Water pollution in the Klamath River Basin has serious implications for wildlife conservation, resource management, and human health. To evaluate the merits of individual, large-scale water quality improvement techniques for the Upper Klamath Basin, Stillwater Sciences led a technical team to support the California State Coastal Conservancy, PacifiCorp, the California State Water Resources Control Board and the Oregon Department of Environmental Quality with a basin-wide technical workshop.
The workshop focused on upper basin projects to foster a new, healthier equilibrium condition for the headwaters of the Klamath Basin. Such an approach would treat both the symptoms and the causes of elevated phosphorus and nitrogen levels and ultimately support water quality improvements in downstream reaches of the Klamath River.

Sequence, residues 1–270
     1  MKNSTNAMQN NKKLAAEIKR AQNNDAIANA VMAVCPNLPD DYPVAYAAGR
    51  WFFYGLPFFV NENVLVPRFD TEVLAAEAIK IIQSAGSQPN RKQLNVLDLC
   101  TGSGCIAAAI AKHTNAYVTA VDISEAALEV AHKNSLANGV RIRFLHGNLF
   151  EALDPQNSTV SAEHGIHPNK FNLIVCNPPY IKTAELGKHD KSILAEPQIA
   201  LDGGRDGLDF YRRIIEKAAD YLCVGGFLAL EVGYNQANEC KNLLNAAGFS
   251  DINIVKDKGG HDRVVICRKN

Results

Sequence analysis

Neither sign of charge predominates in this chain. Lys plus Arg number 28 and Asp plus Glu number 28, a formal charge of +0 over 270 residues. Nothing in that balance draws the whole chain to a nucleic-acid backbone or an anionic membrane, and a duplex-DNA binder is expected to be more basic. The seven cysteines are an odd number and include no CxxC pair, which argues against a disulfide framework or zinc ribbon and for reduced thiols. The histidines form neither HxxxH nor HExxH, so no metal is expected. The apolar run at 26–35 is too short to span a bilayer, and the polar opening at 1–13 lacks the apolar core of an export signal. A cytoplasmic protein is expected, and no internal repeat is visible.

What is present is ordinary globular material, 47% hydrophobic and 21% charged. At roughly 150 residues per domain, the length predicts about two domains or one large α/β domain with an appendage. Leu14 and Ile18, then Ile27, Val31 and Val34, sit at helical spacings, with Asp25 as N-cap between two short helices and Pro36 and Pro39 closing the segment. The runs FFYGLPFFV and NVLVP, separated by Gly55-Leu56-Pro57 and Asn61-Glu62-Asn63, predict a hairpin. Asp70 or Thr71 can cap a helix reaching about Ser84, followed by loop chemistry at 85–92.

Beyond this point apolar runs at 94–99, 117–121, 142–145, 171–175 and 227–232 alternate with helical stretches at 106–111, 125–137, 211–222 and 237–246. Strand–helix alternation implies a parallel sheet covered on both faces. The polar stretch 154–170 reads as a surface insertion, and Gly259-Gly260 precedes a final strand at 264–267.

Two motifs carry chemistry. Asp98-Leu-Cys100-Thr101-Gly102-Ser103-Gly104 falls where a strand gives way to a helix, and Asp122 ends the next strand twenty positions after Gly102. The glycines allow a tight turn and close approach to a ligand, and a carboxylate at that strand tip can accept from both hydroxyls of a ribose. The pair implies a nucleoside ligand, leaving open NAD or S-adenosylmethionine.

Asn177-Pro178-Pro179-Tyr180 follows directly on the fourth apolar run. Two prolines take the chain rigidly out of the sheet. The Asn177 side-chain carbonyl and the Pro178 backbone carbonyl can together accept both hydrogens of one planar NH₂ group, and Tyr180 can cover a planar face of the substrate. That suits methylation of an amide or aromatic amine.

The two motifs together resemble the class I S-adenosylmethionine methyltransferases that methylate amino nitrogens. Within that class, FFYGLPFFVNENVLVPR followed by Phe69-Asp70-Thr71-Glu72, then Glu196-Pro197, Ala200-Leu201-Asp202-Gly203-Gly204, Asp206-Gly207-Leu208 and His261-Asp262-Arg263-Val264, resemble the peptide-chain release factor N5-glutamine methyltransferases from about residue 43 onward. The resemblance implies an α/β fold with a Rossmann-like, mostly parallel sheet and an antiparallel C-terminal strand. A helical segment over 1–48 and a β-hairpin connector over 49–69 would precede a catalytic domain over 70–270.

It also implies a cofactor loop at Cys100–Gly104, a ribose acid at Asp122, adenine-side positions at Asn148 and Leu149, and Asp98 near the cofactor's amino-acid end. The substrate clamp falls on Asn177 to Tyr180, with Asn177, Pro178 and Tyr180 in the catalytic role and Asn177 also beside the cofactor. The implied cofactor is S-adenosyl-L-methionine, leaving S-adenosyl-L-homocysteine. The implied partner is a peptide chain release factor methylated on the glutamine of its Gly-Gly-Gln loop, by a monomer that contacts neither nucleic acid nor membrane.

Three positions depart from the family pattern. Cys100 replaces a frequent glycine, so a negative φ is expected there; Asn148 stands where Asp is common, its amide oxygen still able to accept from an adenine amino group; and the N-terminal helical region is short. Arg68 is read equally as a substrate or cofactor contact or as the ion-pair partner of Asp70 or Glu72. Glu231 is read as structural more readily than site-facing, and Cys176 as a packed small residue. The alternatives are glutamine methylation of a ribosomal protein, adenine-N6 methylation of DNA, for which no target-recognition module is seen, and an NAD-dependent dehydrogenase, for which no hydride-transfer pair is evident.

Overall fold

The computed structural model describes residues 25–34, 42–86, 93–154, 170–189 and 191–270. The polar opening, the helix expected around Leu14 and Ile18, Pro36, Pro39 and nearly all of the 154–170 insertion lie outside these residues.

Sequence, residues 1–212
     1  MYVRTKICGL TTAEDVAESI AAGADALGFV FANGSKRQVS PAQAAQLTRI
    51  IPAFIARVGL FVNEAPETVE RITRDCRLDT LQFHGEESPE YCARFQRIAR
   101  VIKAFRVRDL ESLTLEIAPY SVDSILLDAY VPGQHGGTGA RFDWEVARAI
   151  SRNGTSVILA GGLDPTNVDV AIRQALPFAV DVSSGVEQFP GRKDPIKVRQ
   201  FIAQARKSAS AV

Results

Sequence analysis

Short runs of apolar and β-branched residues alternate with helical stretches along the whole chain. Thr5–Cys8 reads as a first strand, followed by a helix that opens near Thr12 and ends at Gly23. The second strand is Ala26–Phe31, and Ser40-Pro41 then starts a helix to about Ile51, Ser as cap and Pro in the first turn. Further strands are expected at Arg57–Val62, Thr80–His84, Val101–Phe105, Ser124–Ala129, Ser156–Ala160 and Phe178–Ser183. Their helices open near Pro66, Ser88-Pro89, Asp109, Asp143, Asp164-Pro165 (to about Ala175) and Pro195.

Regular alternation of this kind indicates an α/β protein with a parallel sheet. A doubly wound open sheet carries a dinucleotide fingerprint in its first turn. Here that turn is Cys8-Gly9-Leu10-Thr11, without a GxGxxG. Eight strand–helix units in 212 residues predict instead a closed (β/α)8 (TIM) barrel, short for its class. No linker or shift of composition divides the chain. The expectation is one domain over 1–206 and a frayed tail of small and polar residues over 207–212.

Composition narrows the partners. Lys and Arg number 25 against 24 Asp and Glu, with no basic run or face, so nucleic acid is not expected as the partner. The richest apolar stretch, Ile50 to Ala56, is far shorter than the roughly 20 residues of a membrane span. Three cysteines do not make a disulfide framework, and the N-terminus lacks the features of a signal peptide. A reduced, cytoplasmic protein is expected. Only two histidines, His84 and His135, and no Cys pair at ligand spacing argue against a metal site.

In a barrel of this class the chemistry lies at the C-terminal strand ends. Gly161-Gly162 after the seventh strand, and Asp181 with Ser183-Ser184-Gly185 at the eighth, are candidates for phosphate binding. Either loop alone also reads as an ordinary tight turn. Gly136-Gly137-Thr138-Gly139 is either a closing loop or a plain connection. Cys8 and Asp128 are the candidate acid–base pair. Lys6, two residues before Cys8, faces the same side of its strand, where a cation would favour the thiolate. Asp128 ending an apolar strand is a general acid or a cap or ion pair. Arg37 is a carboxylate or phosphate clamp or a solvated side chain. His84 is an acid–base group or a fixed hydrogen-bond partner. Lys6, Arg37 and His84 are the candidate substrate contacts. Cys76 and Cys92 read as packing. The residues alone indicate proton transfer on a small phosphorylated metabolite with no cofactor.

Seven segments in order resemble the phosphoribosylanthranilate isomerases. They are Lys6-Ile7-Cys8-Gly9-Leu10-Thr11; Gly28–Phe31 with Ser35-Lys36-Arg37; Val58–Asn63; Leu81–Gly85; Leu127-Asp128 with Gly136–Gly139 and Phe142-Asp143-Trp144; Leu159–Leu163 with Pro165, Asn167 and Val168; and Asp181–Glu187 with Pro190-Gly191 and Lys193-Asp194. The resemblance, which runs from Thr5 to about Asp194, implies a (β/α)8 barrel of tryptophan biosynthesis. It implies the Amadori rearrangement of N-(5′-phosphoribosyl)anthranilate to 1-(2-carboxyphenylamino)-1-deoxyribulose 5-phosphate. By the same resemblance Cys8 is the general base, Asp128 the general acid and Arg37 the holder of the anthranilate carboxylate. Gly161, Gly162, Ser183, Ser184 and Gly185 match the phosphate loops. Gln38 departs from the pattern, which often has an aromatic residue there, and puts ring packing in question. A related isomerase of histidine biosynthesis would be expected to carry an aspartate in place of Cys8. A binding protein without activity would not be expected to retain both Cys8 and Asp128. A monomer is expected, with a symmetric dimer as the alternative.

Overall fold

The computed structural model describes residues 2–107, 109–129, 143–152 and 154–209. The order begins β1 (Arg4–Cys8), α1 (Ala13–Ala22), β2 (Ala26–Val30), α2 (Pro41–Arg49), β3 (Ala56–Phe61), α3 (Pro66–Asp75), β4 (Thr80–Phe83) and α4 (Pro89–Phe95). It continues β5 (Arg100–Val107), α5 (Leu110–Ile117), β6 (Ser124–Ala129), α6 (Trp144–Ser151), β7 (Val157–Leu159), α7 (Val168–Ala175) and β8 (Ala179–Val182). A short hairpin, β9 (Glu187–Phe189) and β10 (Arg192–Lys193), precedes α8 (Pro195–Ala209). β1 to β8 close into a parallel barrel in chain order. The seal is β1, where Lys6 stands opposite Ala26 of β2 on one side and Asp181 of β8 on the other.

Prior to the workshop, the technical team and the project Steering Committee summarized background information in a pre-workshop information packet for participant review (see below). At the workshop, participants ranked multiple water quality improvement techniques and engaged in a design charrette. Results of the ranking exercise are summarized in the final report (see below) and detailed in the workshop notes (see Appendix A below). Following the workshop, feedback from participants was used by the project technical team to develop pilot project conceptual designs for three overarching project types:
- Wetland rehabilitation
- Sediment removal (dredging)
- Sediment sequestration of phosphorus with oxygenation/aeration
No single approach to addressing water quality improvements was selected because the current scale of the problem is too large. Instead, the team developed conceptual designs for multiple pilot projects at several locations in the Upper Klamath Basin with an eye toward treating both the symptoms and the causes of water quality problems (see final report below).
Linking both types of projects, in space and time, represents an exciting opportunity to improve water quality and thereby support multiple beneficial uses. Lastly, continuing education, outreach, and incentives for landowners and managers is an important component of the successful implementation of pilot, and ultimately full-scale, water quality improvement projects in the Upper Klamath Basin.